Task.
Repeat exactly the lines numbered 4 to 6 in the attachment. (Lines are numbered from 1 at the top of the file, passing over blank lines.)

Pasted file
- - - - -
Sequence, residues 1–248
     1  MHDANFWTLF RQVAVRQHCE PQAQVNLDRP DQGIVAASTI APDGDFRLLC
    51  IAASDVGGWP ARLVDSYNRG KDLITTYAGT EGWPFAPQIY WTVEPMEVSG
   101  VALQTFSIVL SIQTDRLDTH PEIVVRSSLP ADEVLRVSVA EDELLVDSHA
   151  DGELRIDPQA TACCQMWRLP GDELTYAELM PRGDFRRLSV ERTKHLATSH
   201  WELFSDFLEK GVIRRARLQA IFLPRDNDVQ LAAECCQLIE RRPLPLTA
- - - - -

   101  VALQTFSIVL SIQTDRLDTH PEIVVRSSLP ADEVLRVSVA EDELLVDSHA
   151  DGELRIDPQA TACCQMWRLP GDELTYAELM PRGDFRRLSV ERTKHLATSH
   201  WELFSDFLEK GVIRRARLQA IFLPRDNDVQ LAAECCQLIE RRPLPLTA